By Chris Lane
By Jeff Balke
By Aaron Reiss
By Angelica Leicht
By Dianna Wray
By Aaron Reiss
By Camilo Smith
By Craig Malisow
An officer and a gent: I'm an HPD officer who works in the ExxonMobil building across the street ["Can't Get Arrested," Hair Balls, by Richard Connelly, June 23]. Several people pointed you out and wanted to know what was happening. When I saw you, I knew it must have been someone from the Press trying to get a ticket from HPD for jaywalking. Maybe the other cops thought the same and were not going to be baited! Love your paper!
Name withheld by request
You Swing, You Miss
What a rip-off: While I enjoyed the story on Dock Ellis's LSD no-hitter ["High Times," by Keven McAlester, June 23], I've just got to ask: What in the hell does this have to do with Houston? True, as a player for the Pirates, Dock pitched in the old Dome against the Astros, and he did play a couple of years for the Rangers up in Arlington, but really, where's the Houston connection? It's not like there aren't enough drug-addicted former jocks that have a connection to this city that you can do a story on. Or is it just easier to rip something off from one of your sister papers than it is to do some real work?
Not bothered: Well, I have heard how many people out there got bothered by this excellent article ["Out of the Park," by Mosi Secret, June 16]. All I have to say is that this was an outstanding article by an outstanding person for an outstanding athlete. You did great with it. Congratulations!
I was able to spend time in the dugout with all the baseball players, and they showed more confidence on the field than in the dugout. When the Austin-Chavez game was going on, people asked themselves and each other why Aaron Treviño was still pitching after hitting some players. At that moment, I believe it wasn't about that anymore -- it was more about how Aaron handled the situation and the fact that it was his last time at this. Once again, congratulations on the article.
Stirring Up Debate
Cajun vs. Creole: I just finished reading your article on Soul on the Bayeaux ["Pan-Louisiana Fusion," by Robb Walsh, June 23]. I was raised in Metairie, right outside New Orleans. Most of our dishes were Creole cuisine, and according to my parents, who have been in Louisiana since 1719, Cajun cooking is not in New Orleans cooking.
When I make seafood gumbo, mine is rich as compared to a seafood gumbo from Lafayette. Cajun is just more "au naturel," without the creams, sauces and flour used to thicken the gravy -- at least that's my take on the differences. The Cajuns cooked off the land. The more European stuff you add to it, the more Creole it gets.
I once read an article that the name "gumbo" was given to a pot of stewing okra by the plantation slaves of the South who did not speak much English. When I worked in uptown New Orleans, there was an old black lady who had a "Creole soul food" restaurant out of her house a couple of blocks from St. Charles Avenue and Napoleon Avenue. I loved that combination.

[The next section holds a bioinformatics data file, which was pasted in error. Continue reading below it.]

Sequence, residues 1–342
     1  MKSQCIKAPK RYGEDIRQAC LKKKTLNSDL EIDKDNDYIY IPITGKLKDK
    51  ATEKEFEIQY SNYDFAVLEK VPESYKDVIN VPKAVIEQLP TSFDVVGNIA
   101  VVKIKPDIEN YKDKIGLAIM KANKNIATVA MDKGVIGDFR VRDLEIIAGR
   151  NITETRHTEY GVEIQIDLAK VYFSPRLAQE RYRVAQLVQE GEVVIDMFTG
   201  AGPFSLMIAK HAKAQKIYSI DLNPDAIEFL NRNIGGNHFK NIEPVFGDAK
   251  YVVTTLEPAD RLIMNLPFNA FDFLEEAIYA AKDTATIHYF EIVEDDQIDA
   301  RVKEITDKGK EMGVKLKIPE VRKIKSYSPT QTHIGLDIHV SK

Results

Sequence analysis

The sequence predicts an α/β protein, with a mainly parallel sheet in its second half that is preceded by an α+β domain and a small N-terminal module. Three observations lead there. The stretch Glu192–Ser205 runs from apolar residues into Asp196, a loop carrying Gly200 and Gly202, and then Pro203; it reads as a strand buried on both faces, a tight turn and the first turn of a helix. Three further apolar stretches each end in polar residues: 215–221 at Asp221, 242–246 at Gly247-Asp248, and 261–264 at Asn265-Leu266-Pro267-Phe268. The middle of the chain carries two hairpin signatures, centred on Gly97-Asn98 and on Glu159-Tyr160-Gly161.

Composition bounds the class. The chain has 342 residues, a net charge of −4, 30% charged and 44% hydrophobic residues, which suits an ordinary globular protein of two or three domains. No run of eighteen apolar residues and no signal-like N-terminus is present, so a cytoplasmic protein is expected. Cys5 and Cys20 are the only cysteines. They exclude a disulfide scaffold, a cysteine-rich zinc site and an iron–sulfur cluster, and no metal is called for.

I cook Cajun-Creole, and it suits my family and friends fine. Yeah, sometimes I get comments like "That's not real Cajun!" -- but if it pleases the palate and has the Louisiana tradition of good taste and good times, then so what? I still feel that good Louisiana cooking is the best cooking in the whole, wide world, bar none! Of course, I may be a shade prejudiced.
Barry B. Begault
Stop Robb: I read with great interest the letters complaining about Robb Walsh and his piss-poor reviews.
It's about time people complained. His reviews are invariably tedious descriptions of his dining companion, his gourmand pretensions or his latest "discovery." What we get are rambling reviews that display his ignorance and frequently miss the point.
Sack him now, or at the very least limit him to less than half a page and get some other reviewers.
Darren Le Geyt
Not sold on swankiendas: Regarding the Christian's Tailgate letter [Letters, June 23]: "But I do want to live in a place that's clean and makes me feel safe. I think McManus should have done some research. It appears that he's more in his element in the Montrose."
Times have changed in Montrose. The same element is there that's in Midtown. As a 25-year Montrose resident, I prefer the days when one would not admit to living in Montrose because of the stigma associated, and when Midtown was known as the Fourth Ward and Freedmen's Town contained loving families and crack whores. Former mayor Kathy Whitmire's vision of the revitalization of the Fourth Ward and Freedmen's Town was much more palatable than the smegma that's there now. From my personal experience, where money goes, thieves follow. In five years, when your Perry-built swankiendas have collapsed into the rubble from which they were constructed, all of you will turn tail and run back to the burbs. And those stalwart few of the Montrose element will be there to clean up after you. Again.